It seemed a near-vertical final pitch to the top, and I kicked the front points of my crampons into the snow as Cecelia pulled the rope taut. I couldn't maintain a coil; the rope went tight as a banjo string, and I realized Cecelia was literally pulling us up the mountain. Exhaustion blanketed my thoughts and limbs, and I began to wonder if I had the endurance to make these final meters. I fought for every breath. I was so bone-deep tired I thought each step might be my last.
Then, almost without warning, we leveled out with a short path to a snow-covered, collapsed lookout cabin. At 9:10 a.m., we stepped up to a shelf and became part of the sky. We were on the summit, kings of the Cascades, astronauts with The White Stuff.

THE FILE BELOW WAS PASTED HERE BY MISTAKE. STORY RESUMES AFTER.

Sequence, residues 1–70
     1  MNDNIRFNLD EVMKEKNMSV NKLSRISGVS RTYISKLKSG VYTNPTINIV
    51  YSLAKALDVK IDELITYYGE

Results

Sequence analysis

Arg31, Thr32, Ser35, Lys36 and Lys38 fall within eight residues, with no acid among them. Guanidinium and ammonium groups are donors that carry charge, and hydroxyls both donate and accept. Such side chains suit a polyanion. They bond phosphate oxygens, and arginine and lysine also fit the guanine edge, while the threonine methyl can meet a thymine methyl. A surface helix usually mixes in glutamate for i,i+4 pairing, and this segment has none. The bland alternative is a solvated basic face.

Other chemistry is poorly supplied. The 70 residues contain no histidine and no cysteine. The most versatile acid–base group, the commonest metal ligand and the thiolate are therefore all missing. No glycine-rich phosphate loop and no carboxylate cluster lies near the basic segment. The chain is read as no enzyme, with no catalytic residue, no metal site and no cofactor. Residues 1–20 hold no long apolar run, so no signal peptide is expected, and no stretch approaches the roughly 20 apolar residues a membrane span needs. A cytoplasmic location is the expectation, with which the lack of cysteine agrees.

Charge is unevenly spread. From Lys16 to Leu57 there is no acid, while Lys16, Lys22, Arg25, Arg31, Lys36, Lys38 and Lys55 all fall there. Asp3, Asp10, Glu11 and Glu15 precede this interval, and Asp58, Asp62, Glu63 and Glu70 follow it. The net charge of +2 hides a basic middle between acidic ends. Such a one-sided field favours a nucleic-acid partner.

To the east, the sun rose like a hot air balloon; to the south, across the Columbia, Mount Hood; to the north, Mount Rainier, both peaks floating like islands in a sea of clouds. It seemed to be earth's first morning, and we the first to bathe in its beauty, unbounded by geography or history. It was a fragment of a dream to be on top of this little-known mountain, and I hugged Cecelia, just as Tenzing Norgay hugged Edmund Hillary on Everest.
And then, a stranger from another climbing team summited next to me, flipped open his cell phone, and yelled over the wind into the mouthpiece, "Honey, I'm on top... I feel just like Jon Krakauer."
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Introduction: In Search of the Wild
Richard Bangs, co-founder of the adventure travel firm Mountain Travel Sobek, is the author of over a dozen books, including The Lost River, winner of the 1999 National Outdoor Book Award for Literature.
Details mentioned in this article were accurate at the time of publication